A replacement hip is a medical device that replaces the joint where the thigh bone meets the hip. The implant—consisting of a ball resting inside a socket—typically allows patients to move normally and without pain. Unfortunately, some of these devices are thought to have caused further injuries and complications for patients.
As a result, several manufacturers have recalled their replacement hip models, including the DePuy ASR hip replacements and the Stryker Rejuvenate and ABG II models. Many patients who’ve been injured as a result of the defective hip implants have filed lawsuits seeking compensation for medical bills, lost wages, and pain and suffering. Some of these patients are attempting to have their cases heard as hip recall class action suits.
What is a Class Action Lawsuit?
In a standard lawsuit, an individual (the plaintiff) sues another individual or company (the defendant), claiming the defendant caused her some sort of harm. A class action lawsuit, on the other hand, is one where many plaintiffs—perhaps hundreds or even thousands of people—join in a suit as a group, called the “class.” Before moving forward, a class must be “certified.” The judge must determine that enough people have the same type of injury in common that it would be more efficient to have the claims heard in a single proceeding.
Class Action vs. an Individual Lawsuit
In an individual lawsuit, the plaintiff consults directly with her attorney to decide matters, such as how much money to accept in a settlement. However, in a class action lawsuit, plaintiffs who join the lawsuit are typically unable to consult with the lawyer in charge of the case on a regular basis. In addition, because class actions settlements bind all class members, a class action plaintiff generally doesn’t have the opportunity to reject a proposed settlement if she believes it won’t adequately compensate her for her injuries. However, it’s important to note that class actions suits can help lower the high cost of litigation for plaintiffs, since the plaintiffs involved aggregate their claims and pool their resources.
Product Liability for Defective Hip Implants
In lawsuits against manufacturers like DePuy and Stryker, plaintiffs argue that the companies knew or should have known that the implants were defective and potentially unsafe for patients. Some of these suits claim that the replacement hips the companies provided had a defective design, meaning the design itself created an unacceptable risk of injury to patients. Other suits contend that the implants were manufactured defectively, meaning something went wrong in the manufacturing process that made the implants unsafe. Lastly, the suits also claim that the manufacturers failed to give adequate warnings about the implants so that doctors and patients could make fully informed decisions regarding the risks involved.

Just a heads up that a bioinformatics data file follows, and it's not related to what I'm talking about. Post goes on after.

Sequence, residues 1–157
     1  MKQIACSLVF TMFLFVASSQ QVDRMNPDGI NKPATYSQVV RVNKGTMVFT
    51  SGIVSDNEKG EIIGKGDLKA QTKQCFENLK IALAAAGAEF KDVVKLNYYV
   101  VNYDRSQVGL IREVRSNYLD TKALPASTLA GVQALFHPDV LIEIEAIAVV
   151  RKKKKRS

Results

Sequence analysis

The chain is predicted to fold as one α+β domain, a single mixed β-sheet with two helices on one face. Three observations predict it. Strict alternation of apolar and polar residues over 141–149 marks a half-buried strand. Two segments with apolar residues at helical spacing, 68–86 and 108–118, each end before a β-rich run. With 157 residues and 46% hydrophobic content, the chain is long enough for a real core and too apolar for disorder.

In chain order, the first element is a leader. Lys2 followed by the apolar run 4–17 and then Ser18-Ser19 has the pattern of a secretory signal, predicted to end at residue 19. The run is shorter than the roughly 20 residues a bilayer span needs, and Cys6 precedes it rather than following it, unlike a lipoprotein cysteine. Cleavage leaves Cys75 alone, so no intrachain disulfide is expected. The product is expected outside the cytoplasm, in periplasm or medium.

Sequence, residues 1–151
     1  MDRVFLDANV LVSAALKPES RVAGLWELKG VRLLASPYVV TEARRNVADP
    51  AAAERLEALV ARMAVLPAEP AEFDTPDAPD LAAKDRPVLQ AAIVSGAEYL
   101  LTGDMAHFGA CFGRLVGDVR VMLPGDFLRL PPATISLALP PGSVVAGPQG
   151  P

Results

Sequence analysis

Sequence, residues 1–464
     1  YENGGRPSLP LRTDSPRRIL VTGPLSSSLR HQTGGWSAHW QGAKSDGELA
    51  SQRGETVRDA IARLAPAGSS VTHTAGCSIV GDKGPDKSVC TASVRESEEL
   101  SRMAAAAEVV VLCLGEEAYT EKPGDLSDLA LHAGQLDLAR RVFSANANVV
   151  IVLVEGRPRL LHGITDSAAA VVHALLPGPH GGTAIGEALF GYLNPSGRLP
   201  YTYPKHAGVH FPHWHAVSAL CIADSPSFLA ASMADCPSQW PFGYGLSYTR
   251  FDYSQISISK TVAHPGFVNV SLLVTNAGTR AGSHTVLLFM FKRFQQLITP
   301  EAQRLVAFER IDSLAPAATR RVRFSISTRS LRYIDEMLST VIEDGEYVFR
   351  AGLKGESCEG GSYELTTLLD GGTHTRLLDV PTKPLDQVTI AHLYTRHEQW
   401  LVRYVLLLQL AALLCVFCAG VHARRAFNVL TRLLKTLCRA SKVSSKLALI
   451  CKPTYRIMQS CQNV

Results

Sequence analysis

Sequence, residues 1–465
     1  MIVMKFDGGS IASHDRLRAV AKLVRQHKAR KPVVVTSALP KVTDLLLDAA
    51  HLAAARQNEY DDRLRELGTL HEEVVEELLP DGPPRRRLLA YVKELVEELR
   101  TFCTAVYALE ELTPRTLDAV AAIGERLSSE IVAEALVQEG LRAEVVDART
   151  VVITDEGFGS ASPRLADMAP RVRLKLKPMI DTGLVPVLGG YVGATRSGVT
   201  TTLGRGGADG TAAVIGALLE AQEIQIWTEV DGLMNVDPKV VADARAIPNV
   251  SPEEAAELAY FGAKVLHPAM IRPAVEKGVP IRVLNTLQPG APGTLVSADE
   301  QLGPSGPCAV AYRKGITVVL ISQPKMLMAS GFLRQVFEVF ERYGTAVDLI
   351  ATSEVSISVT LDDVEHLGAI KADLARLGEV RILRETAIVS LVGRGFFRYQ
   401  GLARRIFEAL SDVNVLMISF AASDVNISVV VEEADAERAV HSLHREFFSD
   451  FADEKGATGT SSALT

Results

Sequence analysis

Class Action Lawsuits and Multi-District Litigation
Soon after DePuy recalled its ASL Acetabular hip implants in August 2010, a large number of cases were filed against the company in federal courts throughout the United States. So far, none of the cases against hip implant makers have been certified to proceed as a hip recall class action lawsuit. However, due to the sheer number of complaints against DePuy and the high likelihood that these cases dealt with very similar injuries, these types of cases have been consolidated. As a result, these suits will be heard in Ohio regardless of the federal court where the individual cases were filed. Similarly, any individual lawsuits against Stryker for injuries thought to have been caused by its Rejuvenate and ABG II implants will be consolidated and heard in Minnesota.
This process of consolidating a large number of federal cases from different states is called Multi-District Litigation (MDL). MDL is different from a class action lawsuit in a number of ways. First, MDL plaintiffs retain their own lawyers, while class action plaintiffs are represented by a single lawyer or a team of lawyers acting on behalf of the entire class. Second, the cases in MDL will be heard on their individual merits, unlike the combined claims in a class action suit.
If you’ve been injured by a defective replacement hip you may want to discuss your litigation options with an attorney. A lawyer will be able to explain the intricacies of individual suits, hip recall class action suits, and multi-district litigation with you.